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uk Rules Consultation

The Name


New Rules

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Infringing Third Party Rights

How to use WHOIS

  A fundamental problem with the '.me.uk' domain which cannot be remedied without a major change of direction is the fact that while it was intended to be a domain for private individuals, it is in fact an open domain, open to all comers whether the name in question is their own name or not. The only restriction is that if you are a limited company and do not have the consent of a person whose name is the name you have registered, any complaint lodged by somebody with rights in the name will automatically succeed. [Incidentally, the way that that clause is currently drafted is going to cause difficulties and needs to be re-done.]

In an ideal world, one would start again from scratch, make the domain a closed domain open only to private individuals of the name in question and only for private/personal use. In that event, disputes could be readily disposed of very cheaply on the basis of birth certificates, passports, letters from utilities etc, so far as competing claims to the name are concerned. Deciding whether or not a use is a private use or business use should not be too difficult.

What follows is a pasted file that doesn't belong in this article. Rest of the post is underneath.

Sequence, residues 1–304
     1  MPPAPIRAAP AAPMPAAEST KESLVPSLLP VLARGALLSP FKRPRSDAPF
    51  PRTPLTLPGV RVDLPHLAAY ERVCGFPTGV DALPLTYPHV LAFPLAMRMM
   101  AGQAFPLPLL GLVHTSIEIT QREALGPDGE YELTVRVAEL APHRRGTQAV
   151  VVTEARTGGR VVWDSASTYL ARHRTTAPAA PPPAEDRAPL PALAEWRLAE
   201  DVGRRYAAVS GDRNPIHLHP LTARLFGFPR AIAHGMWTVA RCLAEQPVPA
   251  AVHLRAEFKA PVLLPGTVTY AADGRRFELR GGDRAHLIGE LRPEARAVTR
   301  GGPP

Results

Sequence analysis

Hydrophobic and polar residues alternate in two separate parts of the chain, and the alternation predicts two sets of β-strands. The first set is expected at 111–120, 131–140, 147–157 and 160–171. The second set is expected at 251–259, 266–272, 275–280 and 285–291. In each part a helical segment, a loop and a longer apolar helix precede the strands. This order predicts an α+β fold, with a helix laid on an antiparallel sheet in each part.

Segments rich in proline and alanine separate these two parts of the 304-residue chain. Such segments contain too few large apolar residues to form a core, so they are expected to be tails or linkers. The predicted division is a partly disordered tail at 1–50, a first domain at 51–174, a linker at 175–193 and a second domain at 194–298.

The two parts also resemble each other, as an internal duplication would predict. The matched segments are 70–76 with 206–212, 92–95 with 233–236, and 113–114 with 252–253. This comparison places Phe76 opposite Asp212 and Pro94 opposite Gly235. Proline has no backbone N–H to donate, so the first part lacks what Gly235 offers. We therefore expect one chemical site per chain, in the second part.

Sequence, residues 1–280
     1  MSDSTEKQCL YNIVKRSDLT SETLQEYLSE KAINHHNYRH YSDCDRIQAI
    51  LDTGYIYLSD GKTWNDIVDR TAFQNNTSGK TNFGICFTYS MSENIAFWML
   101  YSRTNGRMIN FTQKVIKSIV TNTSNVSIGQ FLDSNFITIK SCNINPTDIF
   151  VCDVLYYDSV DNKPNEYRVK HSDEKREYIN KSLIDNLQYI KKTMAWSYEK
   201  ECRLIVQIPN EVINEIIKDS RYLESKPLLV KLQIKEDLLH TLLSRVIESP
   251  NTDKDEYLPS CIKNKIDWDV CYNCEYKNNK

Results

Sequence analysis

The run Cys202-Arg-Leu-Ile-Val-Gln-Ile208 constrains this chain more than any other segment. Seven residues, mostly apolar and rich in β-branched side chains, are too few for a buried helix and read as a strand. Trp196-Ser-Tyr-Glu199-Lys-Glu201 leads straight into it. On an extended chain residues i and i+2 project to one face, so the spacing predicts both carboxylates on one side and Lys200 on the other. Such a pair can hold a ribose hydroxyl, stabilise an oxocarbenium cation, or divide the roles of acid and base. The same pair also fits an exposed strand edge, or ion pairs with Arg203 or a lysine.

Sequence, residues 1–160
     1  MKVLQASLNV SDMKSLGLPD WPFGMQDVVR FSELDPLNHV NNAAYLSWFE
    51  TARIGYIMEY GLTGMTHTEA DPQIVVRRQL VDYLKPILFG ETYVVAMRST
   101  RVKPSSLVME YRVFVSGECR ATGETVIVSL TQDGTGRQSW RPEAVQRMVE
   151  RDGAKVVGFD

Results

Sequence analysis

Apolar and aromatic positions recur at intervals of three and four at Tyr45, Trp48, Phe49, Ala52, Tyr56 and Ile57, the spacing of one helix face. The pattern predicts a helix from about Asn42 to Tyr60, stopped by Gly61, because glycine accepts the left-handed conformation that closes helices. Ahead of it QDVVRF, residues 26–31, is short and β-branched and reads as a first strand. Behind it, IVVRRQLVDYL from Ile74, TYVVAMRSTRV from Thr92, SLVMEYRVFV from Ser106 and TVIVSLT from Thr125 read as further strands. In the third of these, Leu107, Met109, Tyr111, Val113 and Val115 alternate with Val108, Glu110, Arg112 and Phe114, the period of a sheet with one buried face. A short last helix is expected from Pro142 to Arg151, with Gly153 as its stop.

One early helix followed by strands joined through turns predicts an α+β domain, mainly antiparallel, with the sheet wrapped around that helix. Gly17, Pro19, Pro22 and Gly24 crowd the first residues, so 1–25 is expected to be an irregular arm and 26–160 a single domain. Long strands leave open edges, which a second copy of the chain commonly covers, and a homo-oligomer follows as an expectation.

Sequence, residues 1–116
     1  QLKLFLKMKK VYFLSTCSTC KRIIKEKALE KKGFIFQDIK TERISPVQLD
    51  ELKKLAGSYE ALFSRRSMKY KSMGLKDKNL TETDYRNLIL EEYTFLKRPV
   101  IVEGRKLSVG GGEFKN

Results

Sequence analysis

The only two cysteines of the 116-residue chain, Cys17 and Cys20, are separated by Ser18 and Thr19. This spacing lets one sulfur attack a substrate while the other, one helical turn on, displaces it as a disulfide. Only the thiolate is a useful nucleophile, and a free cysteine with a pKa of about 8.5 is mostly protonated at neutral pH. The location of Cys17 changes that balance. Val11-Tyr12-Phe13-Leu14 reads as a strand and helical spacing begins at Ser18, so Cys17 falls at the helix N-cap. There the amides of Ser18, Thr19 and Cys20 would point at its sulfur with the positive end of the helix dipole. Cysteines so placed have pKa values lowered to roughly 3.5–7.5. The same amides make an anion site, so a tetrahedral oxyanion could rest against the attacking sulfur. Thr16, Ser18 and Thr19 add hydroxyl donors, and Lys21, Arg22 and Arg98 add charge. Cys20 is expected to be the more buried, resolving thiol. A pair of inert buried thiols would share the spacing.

A modified form of that would be to allow businesses (in addition to individuals) of that name to register in the domain and allow the domain to be used for business purposes. Again, disputes over competing rights to the name could readily be resolved by a pre-determined list of documentary proofs. In the case of two parties, both with rights to the name, the first to register would prevail.

In my view, nobody should be allowed to register names in the domain other than those entitled to the name. If an agency is doing it on behalf of a client with rights to the name, the individual customer should be identified at the time and the individual should appear on the Whois as the registrant.

If the object of making complaints cheaper to deal with is primarily to accommodate private individuals, then I see no reason in principle why complaints by private individuals should not be priced at a lower level than complaints by companies. After all private individuals are the people for whom the domain was designed.

Tony Willoughby

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